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  • Fantasy Basho

Haru 2023 Day Two

Public League Leaderboard

Scores from Fantasizr.

Notable Maneuver

Katasukashi. Normally, the under-shoulder swing down is an athletic counter pulled almost as a surprise (cf. Midorifuji, the master of the maneuver). Yet Kotonowaka beat Ryuden with a katasukashi that looked like a combo of heavy throw and slap down from a seemingly stalled mawashi battle.

Match of the Day

05 Sekiwake #2 East Kiribayama versus 11 Meagashira #1 West Shodai

Kiribayama is looking to jump to Ozeki, while Shodai is recovering from his recent Ozeki demotion. Both looked good on Day One, and they came right at each other. Kiribayama qucikly got Shodai moving backwards, then Shodai came back, but it happened again. On the second comeback, Shodai grabbed Kiribayama's mawashi and powered him backwards in a display of strength that makes Shodai as good as he's been in awhile.


Day Two is still a little bit of overreaction territory, but Haru's Day Two also calmed some other overreactions. In particular, Takakeisho managed to handle Tamawashi well. His Yokozuna chance is not gone, although it's still not on track like he would have wanted. He will be behind the eight-ball no matter what. The easy, powerful oshidashi win on Day Two was classic Takakeisho. That should bode well.

Oddly, his third match will be consequential. Takakeisho will see the 2-0 and surprisingly strong Shodai. Shodai manhandled Hoshoryu on Day One and Kiribayama on Day Two, and he will be aiming for a third Sanyaku scalp after just three days. That's a huge advantage as he goes through the rest of the basho if he wins. And a Takakeisho loss would make him need to almost win out to get the yusho and Yokozuna promotion. You'll rarely see a more impactful day three bout.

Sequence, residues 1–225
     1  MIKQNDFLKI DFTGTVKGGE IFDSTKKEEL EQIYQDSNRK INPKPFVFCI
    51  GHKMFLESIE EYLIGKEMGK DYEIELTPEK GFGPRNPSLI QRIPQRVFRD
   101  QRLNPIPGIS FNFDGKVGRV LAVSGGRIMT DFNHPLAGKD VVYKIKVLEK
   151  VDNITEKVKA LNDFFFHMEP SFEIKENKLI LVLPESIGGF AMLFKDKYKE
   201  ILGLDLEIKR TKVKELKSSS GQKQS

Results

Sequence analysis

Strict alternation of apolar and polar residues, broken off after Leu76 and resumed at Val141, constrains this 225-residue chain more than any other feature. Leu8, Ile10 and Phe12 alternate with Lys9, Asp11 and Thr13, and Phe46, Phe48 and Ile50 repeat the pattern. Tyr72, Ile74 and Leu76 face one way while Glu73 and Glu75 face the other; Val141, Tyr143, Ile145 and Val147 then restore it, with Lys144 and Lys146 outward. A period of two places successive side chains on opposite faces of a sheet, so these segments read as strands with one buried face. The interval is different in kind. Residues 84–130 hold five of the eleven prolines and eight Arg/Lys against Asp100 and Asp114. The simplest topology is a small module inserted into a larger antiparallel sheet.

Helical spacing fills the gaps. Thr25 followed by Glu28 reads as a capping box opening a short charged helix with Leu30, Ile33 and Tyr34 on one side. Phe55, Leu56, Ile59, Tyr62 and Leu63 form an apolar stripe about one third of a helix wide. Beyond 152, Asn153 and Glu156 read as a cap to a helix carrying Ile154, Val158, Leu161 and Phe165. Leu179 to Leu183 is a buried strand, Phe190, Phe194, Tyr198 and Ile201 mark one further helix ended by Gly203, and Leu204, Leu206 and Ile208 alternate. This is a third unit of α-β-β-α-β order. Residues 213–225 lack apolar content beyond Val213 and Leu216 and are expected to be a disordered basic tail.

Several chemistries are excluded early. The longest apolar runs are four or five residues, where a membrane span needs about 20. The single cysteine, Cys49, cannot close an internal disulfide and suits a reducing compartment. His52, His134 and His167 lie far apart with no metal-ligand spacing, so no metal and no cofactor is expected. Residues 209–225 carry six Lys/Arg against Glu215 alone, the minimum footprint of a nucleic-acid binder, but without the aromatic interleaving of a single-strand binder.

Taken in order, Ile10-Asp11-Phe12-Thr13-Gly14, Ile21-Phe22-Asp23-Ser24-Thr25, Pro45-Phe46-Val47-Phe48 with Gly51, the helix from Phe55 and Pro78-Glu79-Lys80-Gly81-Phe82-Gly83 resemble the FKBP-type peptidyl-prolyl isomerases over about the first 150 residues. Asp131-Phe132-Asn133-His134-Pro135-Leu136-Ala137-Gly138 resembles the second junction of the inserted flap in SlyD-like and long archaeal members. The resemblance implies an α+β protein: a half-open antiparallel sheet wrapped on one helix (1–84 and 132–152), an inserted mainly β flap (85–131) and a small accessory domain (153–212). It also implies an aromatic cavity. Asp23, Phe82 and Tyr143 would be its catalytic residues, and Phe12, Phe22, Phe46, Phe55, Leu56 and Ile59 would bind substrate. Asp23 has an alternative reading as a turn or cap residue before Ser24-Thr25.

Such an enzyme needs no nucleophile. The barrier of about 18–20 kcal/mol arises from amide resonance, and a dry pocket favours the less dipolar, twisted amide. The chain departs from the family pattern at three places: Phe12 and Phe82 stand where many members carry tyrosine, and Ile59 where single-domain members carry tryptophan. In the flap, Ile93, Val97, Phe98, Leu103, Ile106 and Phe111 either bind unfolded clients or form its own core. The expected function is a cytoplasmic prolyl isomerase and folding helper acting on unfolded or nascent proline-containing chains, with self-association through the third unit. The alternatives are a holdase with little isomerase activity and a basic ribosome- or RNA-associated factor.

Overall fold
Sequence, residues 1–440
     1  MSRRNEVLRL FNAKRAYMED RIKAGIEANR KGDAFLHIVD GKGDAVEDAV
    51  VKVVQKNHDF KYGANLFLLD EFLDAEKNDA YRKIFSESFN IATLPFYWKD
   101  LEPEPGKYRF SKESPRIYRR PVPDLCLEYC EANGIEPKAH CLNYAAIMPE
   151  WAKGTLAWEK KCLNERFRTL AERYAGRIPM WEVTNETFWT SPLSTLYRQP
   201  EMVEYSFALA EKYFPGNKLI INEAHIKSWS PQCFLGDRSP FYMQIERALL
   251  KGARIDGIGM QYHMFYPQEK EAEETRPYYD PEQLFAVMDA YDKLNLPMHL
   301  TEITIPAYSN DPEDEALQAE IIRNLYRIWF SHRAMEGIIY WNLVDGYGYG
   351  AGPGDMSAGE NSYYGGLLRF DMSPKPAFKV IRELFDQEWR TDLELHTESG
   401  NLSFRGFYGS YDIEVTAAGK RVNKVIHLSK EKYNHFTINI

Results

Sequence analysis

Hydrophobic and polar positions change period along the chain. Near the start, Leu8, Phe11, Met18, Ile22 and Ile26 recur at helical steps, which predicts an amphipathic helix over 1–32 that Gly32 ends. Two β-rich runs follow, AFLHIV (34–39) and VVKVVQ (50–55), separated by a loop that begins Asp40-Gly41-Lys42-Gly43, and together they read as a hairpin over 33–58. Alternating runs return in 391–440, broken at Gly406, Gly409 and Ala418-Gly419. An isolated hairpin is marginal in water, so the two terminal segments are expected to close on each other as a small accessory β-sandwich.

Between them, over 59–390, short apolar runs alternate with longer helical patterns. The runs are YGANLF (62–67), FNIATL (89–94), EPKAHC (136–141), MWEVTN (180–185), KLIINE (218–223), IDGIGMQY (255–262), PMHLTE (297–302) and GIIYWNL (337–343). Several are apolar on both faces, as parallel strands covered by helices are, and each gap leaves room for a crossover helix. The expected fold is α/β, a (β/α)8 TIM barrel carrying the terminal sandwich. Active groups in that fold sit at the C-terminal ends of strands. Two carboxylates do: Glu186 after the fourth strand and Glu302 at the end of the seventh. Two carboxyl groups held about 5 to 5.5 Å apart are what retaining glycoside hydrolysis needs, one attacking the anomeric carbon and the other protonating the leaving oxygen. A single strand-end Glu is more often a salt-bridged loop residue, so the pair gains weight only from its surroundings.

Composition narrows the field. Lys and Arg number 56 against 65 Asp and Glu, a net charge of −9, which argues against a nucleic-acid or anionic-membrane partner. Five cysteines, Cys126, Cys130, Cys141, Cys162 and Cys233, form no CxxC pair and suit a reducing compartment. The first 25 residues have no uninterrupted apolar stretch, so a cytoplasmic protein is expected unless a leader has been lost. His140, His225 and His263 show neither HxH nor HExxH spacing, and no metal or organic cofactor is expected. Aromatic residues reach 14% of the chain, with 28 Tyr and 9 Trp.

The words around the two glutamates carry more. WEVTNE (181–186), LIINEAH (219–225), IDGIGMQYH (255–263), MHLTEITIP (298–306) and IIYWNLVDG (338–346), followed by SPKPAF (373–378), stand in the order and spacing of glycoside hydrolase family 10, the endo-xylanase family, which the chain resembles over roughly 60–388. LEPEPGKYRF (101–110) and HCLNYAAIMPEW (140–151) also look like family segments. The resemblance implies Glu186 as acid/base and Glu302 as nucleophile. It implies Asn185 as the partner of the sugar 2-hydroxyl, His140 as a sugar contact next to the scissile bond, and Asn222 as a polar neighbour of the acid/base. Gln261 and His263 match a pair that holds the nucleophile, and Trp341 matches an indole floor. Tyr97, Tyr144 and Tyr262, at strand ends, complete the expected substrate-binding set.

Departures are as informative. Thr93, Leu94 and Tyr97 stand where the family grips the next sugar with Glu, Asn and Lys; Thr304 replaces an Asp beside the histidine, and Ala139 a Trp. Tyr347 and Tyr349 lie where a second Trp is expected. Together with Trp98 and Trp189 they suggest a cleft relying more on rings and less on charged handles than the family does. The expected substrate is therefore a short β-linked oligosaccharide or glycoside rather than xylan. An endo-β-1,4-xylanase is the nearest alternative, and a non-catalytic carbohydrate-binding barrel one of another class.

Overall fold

Another reason that match is key is that the Sekiwake have not shined while Takakeisho struggled. Wakatakakage and Hoshoryu lost their second matches on Day Two. The real problem was that neither looked very good. Wakatakakage could not handle Daieisho in a way that makes it unclear who he may handle. Hoshoryu attempted to hit Abi back hard from the start and be done, but he just ended up touching the ground with his hand before Abi stepped out. Kiribayama looked great on Day One, but was outgunned by Shodai after a good start on Day Two.

So maybe the story of the basho will come from the Komusubi. The quartet at the lowest Sanyaku rank are all 2-0. Wakamotoharu, Kotonowaka, Daieisho, and Tobizaru are very different rikishi who are at lower Sanyaku in different circumstances. Wakamotoharu used steady and assured sumo to make a surprising Sanyaku run, and he is fighting his brand of sumo. Tobizaru is as wild as Wakamotoharu is controlled, but is also a late-prime undersized rikishi who may be at his ceiling. Daieisho has been a lower Sanyaku regular and owns a yusho to his name already. Kotonowaka is the youngest member of the group, has the highest ceiling, and has looked the best with his powerful, fundamentally sound sumo.

Of course, sumo is built to have the top ranked wrestlers all face each other, so the Komusubi won't all stay undefeated too long. There is also no guarantee that Wakatakakage, Hoshoryu, or any other 0-2 rikishi will keep struggling. And if a contender does emerge from Komusubi, they'll get other difficulties. Watch out for debutants Kinbozan and Hokuseiho, who seem too big and too good for lower Maegashira already. Maybe they'll be the surprise contenders that get a few Sanyaku match late in the basho. Mostly, just keep in mind we're still only two days in.
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